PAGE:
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Missing tourists

Frank Gerjevic

It's been a rough year for those who make a living by tourists. But if Alaska tourism had to suffer a shot to the head, this might have been the right year for it.

Look at the summer we've had.

If this was the typical Anchorage summer, we'd be a city of 1 million. Think of how long the wait would be at the Moose's Tooth or the Outback. Think how cranky your sweaty kids would get waiting for their soft-serve at DQ. Think about Lake Otis and Tudor, restored to rush-hour glory.

Think about the salmon derbies at Ship Creek. Combat fishing? We'd get nostalgic for it when we filled out our lottery forms for time-share space in the sucking muck at streamside.

"Hey, water flogger 742! You've had your 30 minutes ... reel it in!"

I like the tourists. Some people grumble about clogged sidewalks downtown, buses full of blue-hairs. It's easy contempt that forgets we're all tourists somewhere. Yes, the backcountry traveler leaves the buses behind at Denali, but Denali has riches for the retirees who ride with guides and gasp when that grizzly rambles right into their frantic lenses. Alaskans gasp too. Mama brown will do that to you.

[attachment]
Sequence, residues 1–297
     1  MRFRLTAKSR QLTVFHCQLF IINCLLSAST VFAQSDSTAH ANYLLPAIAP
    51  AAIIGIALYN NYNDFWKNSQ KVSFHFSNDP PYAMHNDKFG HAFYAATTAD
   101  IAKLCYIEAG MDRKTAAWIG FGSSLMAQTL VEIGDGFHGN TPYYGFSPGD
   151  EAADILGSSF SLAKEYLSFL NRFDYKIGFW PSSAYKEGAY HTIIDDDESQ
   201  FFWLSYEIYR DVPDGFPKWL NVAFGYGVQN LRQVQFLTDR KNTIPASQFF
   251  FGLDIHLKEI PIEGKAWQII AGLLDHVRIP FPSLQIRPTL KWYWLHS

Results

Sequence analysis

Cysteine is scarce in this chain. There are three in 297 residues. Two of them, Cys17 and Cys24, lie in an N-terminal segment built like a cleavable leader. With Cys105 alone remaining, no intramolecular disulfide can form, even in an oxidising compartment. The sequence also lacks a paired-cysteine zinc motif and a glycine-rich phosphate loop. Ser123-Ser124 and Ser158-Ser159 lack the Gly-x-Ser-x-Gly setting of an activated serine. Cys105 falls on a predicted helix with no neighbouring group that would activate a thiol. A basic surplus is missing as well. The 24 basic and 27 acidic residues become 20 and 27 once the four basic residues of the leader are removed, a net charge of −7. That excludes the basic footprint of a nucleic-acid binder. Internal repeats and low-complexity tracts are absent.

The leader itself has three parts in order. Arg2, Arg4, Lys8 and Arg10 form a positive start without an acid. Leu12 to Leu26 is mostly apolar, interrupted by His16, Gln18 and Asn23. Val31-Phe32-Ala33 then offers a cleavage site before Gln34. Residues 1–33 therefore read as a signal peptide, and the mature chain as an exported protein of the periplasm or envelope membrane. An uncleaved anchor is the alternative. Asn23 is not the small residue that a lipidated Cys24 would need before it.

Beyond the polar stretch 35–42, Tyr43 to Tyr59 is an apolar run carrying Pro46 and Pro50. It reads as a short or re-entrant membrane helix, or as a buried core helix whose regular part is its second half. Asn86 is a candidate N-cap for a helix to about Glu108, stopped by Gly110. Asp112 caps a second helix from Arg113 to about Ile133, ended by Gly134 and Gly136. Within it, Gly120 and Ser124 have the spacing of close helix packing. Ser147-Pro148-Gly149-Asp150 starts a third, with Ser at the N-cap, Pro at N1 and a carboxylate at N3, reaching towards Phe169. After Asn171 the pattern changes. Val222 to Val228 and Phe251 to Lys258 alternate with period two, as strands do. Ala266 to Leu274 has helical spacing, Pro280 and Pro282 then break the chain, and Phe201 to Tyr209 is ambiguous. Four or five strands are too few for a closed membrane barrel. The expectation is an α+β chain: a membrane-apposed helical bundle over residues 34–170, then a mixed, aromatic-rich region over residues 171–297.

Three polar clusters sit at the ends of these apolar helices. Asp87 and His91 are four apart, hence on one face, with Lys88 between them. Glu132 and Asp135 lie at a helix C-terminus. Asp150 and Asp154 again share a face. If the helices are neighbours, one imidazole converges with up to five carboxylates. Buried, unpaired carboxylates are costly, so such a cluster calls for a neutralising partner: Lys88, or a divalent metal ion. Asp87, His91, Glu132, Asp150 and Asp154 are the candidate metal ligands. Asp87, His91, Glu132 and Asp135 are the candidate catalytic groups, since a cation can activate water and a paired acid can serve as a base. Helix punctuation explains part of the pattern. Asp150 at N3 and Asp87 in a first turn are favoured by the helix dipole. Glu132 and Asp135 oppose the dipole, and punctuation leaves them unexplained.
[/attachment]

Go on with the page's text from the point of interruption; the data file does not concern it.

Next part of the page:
But if tourists concluded that this summer, with its scented air -- and I don't mean the smoke -- sweet warmth and soft evenings was the norm, they and their children and their children's children might become residents. They wouldn't live in Denali. They'd live in Anchorage.

You can see the danger. The secret of the winter city is that once in a while it has a knockout summer. Fewer tourists mean the secret is safer. More would be welcome, but if they start asking about housing and schools, show them your gray video from July of '08.

-- Frank Gerjevic


Frank Gerjevic